Unlocking the Potential of Smallholder Farmers

Unlocking the Potential of Smallholder Farmers
From foodtank.com, by Laurence Dare

Esther Nyongesa walks slowly, leading her foreign visitors through the rows of maize on her farm in rural western Kenya. For the last few years, she explains, her harvest has been good. Her six children have been able to get all the food they need, and there is never any problem paying the school fees on time. She gestures toward a new plot of land that she’s leased for planting this season.

Life is good. But it wasn’t always like this.

She stops walking before answering the next question. Just a few years ago, Esther’s life was very different—much more like the life many African smallholder farmers face. She worked hard all year. But whatever she planted, it was never enough to feed her family. During the leanest time of the year—known in Kenya as the “hunger season”—Esther and her children would stretch their resources by skipping meals.

With the business model that Esther—and the millions of smallholder farmers like her—are using, it’s no wonder that hunger is the norm. Any entrepreneur will tell you that businesses can’t be successful without sufficient investment, solid supply chains, modern production methods, and adequate markets. For smallholder farmers, these things are largely out of reach.

Take Esther’s situation. Every year she would work odd jobs to buy seeds and fertilizer, but by the time she had enough money, planting time had already come and gone. When she did buy, she had to accept the risk of being sold bad quality (or even fake) seeds and fertilizer. The only farming techniques she knew were old and ineffective. And after the harvest, she would sell her maize for only 40 Kenyan shillings per 2kg tin—a fraction of the 120 shillings she could have gotten if she’d been able to store her crops until prices reached their seasonal peak ahead of next season’s harvest.

Stuck in a failed business model that was leaving her family hungry year after year, Esther decided to take action. In 2010, she decided to join One Acre Fund.

For about US$80, One Acre Fund’s package is designed to address each of the shortcomings of the traditional smallholder business model. What Esther got when she signed up was: 1) high quality seeds and fertilizer delivered to her farm just in time for planting season; 2) financing, such that the cost of the program could be paid piece-by-piece throughout the agricultural season; 3) training on modern agricultural methods and business practices; and 4) support on crop storage, and information on how to get the best prices at market.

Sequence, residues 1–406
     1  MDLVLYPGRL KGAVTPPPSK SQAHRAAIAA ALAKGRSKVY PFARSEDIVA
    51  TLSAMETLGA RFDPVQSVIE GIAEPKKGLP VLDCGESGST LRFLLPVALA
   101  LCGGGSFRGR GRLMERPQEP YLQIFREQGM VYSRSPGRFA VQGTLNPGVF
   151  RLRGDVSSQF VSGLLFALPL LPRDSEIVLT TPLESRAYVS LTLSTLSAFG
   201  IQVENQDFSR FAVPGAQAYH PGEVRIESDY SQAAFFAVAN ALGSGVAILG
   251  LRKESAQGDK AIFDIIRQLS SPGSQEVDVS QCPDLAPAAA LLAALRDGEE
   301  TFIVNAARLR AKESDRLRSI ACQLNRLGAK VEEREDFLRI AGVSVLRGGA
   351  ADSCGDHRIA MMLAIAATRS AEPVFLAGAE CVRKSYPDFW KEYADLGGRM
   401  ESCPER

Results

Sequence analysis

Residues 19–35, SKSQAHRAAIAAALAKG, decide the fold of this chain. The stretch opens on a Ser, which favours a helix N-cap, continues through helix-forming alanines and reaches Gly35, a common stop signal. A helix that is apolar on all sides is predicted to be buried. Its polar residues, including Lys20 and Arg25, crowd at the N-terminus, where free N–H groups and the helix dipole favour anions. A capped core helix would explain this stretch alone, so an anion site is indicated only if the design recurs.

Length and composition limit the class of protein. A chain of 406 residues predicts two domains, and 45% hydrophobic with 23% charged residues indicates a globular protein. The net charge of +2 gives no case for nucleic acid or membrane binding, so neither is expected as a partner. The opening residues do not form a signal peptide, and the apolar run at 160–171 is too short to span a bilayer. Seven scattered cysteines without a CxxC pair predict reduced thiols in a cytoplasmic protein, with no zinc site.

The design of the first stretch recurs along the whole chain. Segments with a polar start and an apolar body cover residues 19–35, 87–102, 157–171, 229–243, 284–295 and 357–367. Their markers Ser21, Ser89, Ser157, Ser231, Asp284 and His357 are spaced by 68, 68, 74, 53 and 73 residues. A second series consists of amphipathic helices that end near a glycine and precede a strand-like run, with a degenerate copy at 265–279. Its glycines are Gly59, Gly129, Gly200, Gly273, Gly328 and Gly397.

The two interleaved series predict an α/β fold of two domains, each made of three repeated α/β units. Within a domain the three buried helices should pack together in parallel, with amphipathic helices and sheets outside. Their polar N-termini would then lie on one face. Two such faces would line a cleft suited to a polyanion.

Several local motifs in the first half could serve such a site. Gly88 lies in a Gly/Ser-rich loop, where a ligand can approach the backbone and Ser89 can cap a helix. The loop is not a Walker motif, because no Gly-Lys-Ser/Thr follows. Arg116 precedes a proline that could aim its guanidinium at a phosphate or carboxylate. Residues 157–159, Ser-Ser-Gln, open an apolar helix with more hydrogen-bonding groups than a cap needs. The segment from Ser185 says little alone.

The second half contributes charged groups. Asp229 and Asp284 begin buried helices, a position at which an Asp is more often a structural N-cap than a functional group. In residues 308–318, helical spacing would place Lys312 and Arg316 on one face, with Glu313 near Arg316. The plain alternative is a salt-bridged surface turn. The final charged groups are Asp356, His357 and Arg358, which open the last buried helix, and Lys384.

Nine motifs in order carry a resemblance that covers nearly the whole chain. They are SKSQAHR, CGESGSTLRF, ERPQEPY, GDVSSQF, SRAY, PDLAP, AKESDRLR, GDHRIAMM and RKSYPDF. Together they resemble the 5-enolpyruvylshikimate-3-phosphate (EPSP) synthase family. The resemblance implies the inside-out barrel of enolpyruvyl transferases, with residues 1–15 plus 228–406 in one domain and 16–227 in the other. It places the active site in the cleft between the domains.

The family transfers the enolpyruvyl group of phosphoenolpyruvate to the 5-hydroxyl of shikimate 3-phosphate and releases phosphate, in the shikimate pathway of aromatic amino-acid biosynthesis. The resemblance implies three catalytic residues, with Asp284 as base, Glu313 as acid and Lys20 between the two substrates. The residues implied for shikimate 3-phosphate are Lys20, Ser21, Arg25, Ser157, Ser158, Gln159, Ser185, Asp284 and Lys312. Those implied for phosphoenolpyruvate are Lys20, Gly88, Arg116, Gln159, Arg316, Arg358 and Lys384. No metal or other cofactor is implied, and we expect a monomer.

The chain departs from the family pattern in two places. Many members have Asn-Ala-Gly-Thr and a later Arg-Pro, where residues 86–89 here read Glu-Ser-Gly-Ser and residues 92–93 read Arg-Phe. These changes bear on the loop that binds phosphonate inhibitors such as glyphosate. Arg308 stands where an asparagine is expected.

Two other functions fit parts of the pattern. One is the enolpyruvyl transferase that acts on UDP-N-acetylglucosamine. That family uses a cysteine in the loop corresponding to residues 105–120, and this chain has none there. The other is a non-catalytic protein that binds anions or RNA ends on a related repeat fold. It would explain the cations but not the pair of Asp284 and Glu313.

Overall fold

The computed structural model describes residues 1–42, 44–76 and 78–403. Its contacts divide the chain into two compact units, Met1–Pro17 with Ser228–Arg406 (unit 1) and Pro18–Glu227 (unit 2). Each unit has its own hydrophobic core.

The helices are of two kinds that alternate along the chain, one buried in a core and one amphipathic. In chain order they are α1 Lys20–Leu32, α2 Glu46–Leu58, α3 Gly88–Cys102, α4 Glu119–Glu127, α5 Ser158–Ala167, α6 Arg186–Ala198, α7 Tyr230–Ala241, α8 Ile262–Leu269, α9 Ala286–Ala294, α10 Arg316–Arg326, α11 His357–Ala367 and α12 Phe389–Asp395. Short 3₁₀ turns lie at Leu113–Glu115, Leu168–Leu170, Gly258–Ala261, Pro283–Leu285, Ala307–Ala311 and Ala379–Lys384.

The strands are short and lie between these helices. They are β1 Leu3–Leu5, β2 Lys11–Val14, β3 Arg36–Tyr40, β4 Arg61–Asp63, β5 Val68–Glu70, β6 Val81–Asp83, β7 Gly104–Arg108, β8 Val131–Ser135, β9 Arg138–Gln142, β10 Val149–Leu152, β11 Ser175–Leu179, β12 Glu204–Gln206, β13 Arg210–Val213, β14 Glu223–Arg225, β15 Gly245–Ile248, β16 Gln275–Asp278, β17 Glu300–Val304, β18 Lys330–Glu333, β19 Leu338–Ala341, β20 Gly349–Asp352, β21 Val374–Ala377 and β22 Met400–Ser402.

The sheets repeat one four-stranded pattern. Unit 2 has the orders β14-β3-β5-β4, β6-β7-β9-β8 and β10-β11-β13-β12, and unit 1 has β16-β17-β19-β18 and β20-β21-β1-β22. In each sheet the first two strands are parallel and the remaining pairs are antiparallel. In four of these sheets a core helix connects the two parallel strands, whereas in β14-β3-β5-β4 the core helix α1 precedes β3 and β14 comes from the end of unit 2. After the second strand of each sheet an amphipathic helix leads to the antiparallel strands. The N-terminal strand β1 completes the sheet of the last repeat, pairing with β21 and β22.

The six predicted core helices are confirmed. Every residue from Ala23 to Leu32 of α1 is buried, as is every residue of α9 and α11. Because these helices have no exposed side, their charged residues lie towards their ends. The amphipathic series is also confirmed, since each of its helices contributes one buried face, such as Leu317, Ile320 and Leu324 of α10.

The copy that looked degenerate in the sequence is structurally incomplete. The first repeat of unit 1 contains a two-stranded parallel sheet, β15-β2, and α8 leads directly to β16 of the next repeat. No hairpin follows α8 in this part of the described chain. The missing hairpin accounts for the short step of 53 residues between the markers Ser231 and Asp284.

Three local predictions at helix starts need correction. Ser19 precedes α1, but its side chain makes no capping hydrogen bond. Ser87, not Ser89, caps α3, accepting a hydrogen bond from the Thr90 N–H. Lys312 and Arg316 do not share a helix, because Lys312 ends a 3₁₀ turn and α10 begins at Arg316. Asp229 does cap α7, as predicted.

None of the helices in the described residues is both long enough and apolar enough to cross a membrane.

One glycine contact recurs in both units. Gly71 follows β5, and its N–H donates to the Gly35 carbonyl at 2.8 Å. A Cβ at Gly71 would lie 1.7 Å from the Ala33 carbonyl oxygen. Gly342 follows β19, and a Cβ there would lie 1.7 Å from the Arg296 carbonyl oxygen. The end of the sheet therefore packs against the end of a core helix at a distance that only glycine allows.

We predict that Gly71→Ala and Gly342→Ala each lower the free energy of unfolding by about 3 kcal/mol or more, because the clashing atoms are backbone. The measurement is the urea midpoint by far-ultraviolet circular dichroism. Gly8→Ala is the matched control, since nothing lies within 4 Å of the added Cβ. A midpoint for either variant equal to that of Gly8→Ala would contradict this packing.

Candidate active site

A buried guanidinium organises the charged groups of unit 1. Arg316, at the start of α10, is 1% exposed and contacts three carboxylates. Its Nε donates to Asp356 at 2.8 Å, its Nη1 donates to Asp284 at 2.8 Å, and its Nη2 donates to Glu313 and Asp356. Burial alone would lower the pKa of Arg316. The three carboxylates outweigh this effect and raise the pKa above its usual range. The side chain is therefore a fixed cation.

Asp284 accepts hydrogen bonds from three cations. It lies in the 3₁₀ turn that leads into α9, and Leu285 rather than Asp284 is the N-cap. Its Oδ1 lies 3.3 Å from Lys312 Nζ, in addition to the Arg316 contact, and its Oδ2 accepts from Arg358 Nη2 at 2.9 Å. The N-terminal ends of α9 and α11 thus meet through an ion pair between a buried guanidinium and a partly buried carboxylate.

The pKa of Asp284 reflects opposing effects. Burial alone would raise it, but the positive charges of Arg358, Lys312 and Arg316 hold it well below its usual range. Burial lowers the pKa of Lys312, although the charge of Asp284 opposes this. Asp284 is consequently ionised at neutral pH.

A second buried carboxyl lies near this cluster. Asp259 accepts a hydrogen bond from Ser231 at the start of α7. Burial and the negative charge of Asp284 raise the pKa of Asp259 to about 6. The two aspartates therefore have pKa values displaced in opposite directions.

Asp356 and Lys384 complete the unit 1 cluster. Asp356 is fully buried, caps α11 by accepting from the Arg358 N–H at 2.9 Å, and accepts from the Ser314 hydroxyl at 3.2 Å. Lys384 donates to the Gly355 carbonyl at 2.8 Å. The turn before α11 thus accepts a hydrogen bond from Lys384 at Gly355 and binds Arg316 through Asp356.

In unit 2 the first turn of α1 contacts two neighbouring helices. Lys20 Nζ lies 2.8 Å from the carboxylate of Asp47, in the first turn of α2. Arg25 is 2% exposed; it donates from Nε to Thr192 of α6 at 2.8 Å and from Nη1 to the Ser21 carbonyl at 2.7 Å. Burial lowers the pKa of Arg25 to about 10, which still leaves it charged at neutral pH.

Before joining One Acre Fund in 2010, the most maize she ever harvested from her half acre of land was two bags. That first year after joining the program she harvested 12 bags.

Thinking back on the difference between 2009 and 2010, Esther speaks of a heavy burden being lifted. “That year I was able to harvest enough food to feed my family,” she says, “and I could finally breathe.”

Besides food, she says, the extra money has allowed her to invest in her business and in her children’s futures. In 2012 she bought a cow and named it Mkulima, which means "farmer" in Swahili. It produces three liters of milk in the morning, which she takes directly to her children’s school to pay their school fees, and two liters in the evening, which they consume. Last year Mkulima gave birth to a calf. She has also started leasing more land, and next year she’ll plant on 1.5 acres instead of just half of one. One of her daughters is entering her final year of high school this year, and she’s already got a plan to pay for it.

Esther turns toward her guests and smiles. “Looking at how good my life is right now, I only wish I had been able to kickstart my business like this ten years ago. Who knows what sort of great things I could have achieved by now?” It’s an exciting question.

Esther’s remarkable story is all the more remarkable because it is not unique. Smallholder farmers represent a vast and largely unmet global demand for business services. Serving this demand means giving farmers the tools to help themselves—to turn around their businesses and to feed their communities.

According to the UN, world population is on track to reach 9.6 billion by 2050. Feeding the world is a colossal challenge, and food aid isn’t going to cut it. If we can unlock the potential of smallholder farmers by servicing their business needs, we’ll be well on our way to global food security.

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